Every Realtor knows the key to marketing property is location. The word holds a magical and unspoken value in the world of real estate.
I am starting to think "jobs" is reaching that same level of rarefied reverence in the manufacturing and warehousing sectors. Maybe it's because of the still lagging economy, but I don't think so.
Every developer wants to promise jobs. And every politician wants to deliver jobs. Depending on the number that precedes it, the very word "jobs" holds the potential to make a bad plan look passable and a good plan look great.
I have covered a lot of commercial development plans in 20 years and heard a lot of promises of jobs. Some came true, but many didn't.
The power of the jobs promise is currently in play in Cumberland County, where the opposition is questioning the quality of jobs promised by Goodman Birtcher. The number is 900. Company officials claim 900 jobs will be created by its plans for 2.5 million square feet of warehouses.
Warehousing is not manufacturing, a point nearly everyone concedes. Warehouse workers don't produce anything but merely move goods in and out the door by filling orders. I suppose that makes the operation a little less permanent in the community.
But the jobs are not always bad jobs. I spent one summer while in college filling book orders at a Penguin Putnam warehouse. The place was clean, the pay was decent and the warehouse put food on the table for a lot of families for more than 20 years.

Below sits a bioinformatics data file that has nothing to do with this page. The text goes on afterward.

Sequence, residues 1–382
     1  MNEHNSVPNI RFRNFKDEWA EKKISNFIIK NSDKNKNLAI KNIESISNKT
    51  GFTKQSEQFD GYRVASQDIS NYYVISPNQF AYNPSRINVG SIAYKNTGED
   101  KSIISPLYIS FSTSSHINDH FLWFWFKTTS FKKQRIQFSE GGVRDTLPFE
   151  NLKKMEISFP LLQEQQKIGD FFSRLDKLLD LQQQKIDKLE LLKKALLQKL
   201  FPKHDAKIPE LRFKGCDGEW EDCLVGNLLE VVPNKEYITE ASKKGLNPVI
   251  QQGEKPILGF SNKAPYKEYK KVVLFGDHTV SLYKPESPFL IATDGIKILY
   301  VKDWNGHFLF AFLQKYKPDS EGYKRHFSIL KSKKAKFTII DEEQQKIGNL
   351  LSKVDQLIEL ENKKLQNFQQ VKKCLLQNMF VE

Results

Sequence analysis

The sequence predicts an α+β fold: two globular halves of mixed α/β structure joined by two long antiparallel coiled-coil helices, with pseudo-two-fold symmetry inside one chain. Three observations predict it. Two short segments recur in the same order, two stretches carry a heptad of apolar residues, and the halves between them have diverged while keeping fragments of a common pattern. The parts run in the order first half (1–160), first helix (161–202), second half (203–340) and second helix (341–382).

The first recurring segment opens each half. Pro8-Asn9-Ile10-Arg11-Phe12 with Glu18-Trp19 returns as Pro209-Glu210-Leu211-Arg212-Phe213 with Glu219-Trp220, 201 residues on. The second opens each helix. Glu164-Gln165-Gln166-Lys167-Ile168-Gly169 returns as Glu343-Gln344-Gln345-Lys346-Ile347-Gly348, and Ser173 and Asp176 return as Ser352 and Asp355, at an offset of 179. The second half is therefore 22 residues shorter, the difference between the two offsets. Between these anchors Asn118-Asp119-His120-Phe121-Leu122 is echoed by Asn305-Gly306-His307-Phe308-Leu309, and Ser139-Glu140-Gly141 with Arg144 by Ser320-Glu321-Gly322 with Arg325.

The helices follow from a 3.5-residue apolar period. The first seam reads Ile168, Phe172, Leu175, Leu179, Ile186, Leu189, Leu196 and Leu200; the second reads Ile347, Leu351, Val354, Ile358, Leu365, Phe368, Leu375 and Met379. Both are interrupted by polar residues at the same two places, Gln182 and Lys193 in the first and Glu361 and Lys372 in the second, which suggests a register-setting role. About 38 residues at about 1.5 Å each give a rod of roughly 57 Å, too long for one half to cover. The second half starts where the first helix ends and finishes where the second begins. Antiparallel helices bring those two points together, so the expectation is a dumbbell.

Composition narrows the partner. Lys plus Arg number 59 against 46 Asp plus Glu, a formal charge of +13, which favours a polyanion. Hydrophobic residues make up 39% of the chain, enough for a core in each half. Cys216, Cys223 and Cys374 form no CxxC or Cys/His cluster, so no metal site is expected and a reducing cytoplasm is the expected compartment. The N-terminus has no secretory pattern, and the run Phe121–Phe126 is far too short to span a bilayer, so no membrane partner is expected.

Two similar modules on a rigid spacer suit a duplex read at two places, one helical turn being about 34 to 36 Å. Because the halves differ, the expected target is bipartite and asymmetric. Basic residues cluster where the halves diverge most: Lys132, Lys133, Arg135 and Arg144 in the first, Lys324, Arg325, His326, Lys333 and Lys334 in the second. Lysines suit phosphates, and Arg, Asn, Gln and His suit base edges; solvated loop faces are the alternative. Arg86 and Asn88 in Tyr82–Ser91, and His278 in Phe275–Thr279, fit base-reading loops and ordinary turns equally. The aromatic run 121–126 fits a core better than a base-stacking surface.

But Goodman Birtcher opponents do not agree. They are citing a 2010 study concluding that 63 percent of warehouse jobs are filled by temporary workers making $9 per hour. The majority of warehouse workers live in poverty and 37 percent take a second job to get by, the report concludes.
Naturally, Goodman Birtcher representatives are discrediting the report, noting it was done in Illinois from a survey of 319 workers.
"The study they cite as evidence is not credible, and the statistics they cite do not reflect the current reality of wages and jobs in logistics and warehouses in Cumberland County," said Tom Ahern, spokesman for Goodman Birtcher.
Ahern said May 2012 Bureau of Labor Statistics for Cumberland County show shipping and receiving employees make an average of $14.20 per hour, while material-moving workers make an average of $15.38 per hour.
So who is right? It's hard to say. I've seen those bad $9-per-hour jobs as well. The quality of the Goodman Birtcher jobs — if the plan is approved — will depend on who takes up residence in the warehouses.
Perhaps a bigger question is whether we even need 900 jobs of any kind. In December 2013, the county's unemployment dropped to 5.3 percent, well below the national average of 6.7 percent and lower still from the state's 6.9 percent unemployment rate.
According to economist William T. Dickens, the full-employment unemployment rate varies a lot over time but equaled about 5.5 percent of the civilian labor force during the 2000s.
If accurate for Cumberland County, then it is very close to full employment. And maybe we're so blinded by the word "jobs" that we are losing our focus.
Jobs are great, but where are these warehouse workers going to come from?
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